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Maurus Magnentius Rabanus, Blessed

Abbot of Fulda, Archbishop of Mainz, celebrated theological and pedagogical writer of the ninth century, b. at Mainz about 776 (784?); d. at Winkel (Vinicellum) near Mainz on February 4, 856

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* Published by Encyclopedia Press, 1913.

Rabanus (HRABANUS, RHABANUS), MAURUS MAGNENTIUS, Blessed, Abbot of Fulda, Archbishop of Mainz, celebrated theological and pedagogical writer of the ninth century, b. at Mainz about 776 (784?); d. at Winkel (Vinicellum) near Mainz on February 4, 856. He took vows at an early age in the Benedictine monastery of Fulda, and was ordained deacon in 801. A year later he went to Tours to study theology and the liberal arts, under Alcuin. He endeared himself to his aged master, and received from him the surname of Maurus in memory of the favorite disciple of St. Benedict. After a year of study he was recalled by his abbot, became teacher and, later, headmaster of the monastic school of Fulda. His fame as teacher spread over Europe, and Fulda became the most celebrated seat of learning in the Frankish Empire. In 814 he was ordained priest. Unfortunately, Abbot Ratgar's mania for building temporarily impeded the progress of the school, but under Abbot Eigil (818-82) Rabanus was once more able to devote himself entirely to his vocation of teaching and writing (see Carlovingian Schools; Diocese of Fulda). In 822 Rabanus was elected abbot, and during his reign the monastery enjoyed its greatest prosperity. He completed the new buildings that had been begun by his predecessor; erected more than thirty churches and oratories; enriched the abbey church with artistic mosaics, tapestry, baldachina, reliquaries, and other costly ornaments; provided for the instruction of the laity by preaching and by increasing the number of priests in country towns; procured numerous books for the library, and in many other ways advanced the spiritual, intellectual and temporal welfare of Fulda and its dependencies. In the political disturbances of the times he sided with Louis the Pious against his rebellious sons, and after the emperor's death he supported Lothair, the eldest son. When the latter was conquered by Louis the German, Rabanus fled from home in 840, probably to evade taking the oath of allegiance. In 841 he returned and resigned his abbacy early in 842, compelled, it is believed, by Louis. He retired to the neighboring Petersberg, where he devoted himself entirely to prayer and literary labors. In 845 he was reconciled with the king and in 847 succeeded Otgar as Archbishop of Mainz. His consecration took place on June 26. He held three provincial synods. The 31 canons enacted at the first, in the monastery of St. Alban in October, 847, are chiefly on matters of ecclesiastical discipline (Acts in Mansi, "Conc. Coll. Ampl.", XIV, 899-912). At the second synod, held in October, 848, in connection with a diet, the monk Gottschalk of Orbais and his doctrine on predestination were condemned. The third synod, held in 852 (851?), occupied itself with the rights and discipline of the Church. Rab anus was distinguished for his charity towards the poor. It is said in the "Annales Fuldenses" that, during the famine of 850, he daily fed more than 300 persons. Mabillon and the Bollandists style him `Blessed" and his feast are celebrated in the Dioceses of Fulda, Mainz, and Limburg on February 4. He was buried in the monastery of St. Alban at Mainz, but his relics were transferred to Halle by Archbishop Albrecht of Brandenburg.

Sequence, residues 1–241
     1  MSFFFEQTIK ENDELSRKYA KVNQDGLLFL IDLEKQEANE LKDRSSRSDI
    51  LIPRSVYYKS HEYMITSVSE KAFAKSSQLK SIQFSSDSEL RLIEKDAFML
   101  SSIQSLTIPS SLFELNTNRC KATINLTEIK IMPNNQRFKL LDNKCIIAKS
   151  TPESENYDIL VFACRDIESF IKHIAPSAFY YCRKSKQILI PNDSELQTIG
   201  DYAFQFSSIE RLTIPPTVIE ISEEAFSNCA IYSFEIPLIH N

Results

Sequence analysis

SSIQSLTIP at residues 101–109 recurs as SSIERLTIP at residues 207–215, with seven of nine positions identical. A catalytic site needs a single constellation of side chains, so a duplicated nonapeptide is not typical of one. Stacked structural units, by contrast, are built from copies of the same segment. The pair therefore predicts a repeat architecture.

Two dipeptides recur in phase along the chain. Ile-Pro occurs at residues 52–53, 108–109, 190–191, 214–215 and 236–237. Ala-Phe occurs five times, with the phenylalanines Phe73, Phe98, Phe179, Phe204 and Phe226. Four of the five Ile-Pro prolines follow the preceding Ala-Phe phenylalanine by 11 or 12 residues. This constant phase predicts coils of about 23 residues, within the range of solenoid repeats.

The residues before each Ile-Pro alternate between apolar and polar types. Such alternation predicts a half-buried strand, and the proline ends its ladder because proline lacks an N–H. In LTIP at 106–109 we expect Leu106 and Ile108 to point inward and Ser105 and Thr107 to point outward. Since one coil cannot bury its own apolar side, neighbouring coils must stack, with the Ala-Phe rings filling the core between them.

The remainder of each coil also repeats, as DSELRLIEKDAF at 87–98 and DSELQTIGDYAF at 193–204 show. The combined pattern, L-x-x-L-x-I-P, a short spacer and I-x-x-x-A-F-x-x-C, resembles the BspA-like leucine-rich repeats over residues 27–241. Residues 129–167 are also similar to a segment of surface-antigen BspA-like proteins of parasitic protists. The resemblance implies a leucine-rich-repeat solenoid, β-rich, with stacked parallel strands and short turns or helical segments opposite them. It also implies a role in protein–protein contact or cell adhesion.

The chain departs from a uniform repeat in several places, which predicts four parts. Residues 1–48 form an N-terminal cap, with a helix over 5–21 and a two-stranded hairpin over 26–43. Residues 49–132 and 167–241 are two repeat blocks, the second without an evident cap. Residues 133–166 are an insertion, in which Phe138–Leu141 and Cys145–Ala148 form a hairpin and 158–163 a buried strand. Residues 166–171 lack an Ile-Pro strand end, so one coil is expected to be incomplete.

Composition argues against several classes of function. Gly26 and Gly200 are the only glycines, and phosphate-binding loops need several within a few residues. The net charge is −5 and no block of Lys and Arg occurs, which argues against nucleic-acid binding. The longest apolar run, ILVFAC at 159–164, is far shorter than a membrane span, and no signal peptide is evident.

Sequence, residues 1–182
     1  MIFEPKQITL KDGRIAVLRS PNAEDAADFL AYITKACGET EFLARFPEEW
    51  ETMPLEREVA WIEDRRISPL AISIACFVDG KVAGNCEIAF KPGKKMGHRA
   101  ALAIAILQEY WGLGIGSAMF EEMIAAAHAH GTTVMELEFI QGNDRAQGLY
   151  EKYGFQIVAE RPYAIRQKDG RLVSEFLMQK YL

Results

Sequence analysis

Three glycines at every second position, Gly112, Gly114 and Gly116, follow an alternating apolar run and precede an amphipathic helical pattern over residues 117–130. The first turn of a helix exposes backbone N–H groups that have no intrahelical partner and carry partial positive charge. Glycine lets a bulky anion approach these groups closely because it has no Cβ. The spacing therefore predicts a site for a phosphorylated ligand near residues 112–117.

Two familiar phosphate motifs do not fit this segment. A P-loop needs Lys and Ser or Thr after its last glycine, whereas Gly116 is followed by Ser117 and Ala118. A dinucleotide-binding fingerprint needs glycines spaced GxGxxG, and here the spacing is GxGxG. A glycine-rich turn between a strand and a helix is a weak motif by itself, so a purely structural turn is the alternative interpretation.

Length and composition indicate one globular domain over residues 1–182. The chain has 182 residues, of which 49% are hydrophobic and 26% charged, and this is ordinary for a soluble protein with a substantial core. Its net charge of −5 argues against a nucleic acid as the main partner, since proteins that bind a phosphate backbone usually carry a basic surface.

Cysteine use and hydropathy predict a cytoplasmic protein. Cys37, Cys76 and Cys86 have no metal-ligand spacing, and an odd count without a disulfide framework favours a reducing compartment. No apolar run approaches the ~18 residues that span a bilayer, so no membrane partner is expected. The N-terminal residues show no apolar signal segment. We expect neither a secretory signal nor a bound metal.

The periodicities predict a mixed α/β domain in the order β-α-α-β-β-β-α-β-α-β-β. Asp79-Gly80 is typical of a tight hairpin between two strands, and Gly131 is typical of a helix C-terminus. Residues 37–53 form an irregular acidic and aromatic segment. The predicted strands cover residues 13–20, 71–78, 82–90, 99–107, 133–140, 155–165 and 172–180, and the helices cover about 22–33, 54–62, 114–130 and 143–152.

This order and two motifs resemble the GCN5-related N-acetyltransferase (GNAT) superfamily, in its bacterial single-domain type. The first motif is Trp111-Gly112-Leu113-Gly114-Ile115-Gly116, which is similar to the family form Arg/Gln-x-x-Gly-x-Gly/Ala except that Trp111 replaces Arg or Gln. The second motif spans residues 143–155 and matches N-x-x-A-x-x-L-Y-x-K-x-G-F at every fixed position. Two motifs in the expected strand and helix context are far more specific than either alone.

Rabanus was probably the most learned man of his age. In Scriptural and patristic knowledge he had no equal, and was thoroughly conversant with canon law and liturgy. His literary activity extended over the entire field of sacred and profane learning as then understood. Still, he cannot be called a pioneer, either as an educator or a writer, for he followed in the beaten track of his learned predecessors. A complete edition of his numerous writings is still wanting. Most of them have been edited by Colvenerius (Cologne, 1627). This uncritical edition is reprinted with some additions in P.L., CVII-CXII. His poems were edited by Dummler in "Mon. Germ.: Poetm lat. nevi Carol.", II, 154-244. He was a skillful versifier, but a mediocre poet. His epistles are printed in "Mon. Germ.: Epist.", V, 379 sq. Most of his works are exegetical. His commentaries, which include nearly all the books of the Old Testament, as well as the Gospel of St. Matthew and the Pauline Epistles—a commentary on St. John is probably spurious—are based chiefly on the exegetical writings of St. Jerome, St. Augustine, St. Gregory the Great, St. Isidore of Seville, Origen, St. Ambrose, and St. Bede. His chief pedagogical works are: "De universo", a sort of encyclopedia in 22 books, based on the Etymologies of Isidore; "De computo", a treatise on reckoning; "Excerptio de arte grammatica Prisciani", a treatise on grammar, etc. Other important works are: "De ecclesiastica disciplina"; sermons, treatises, a martyrology, and a penitential.


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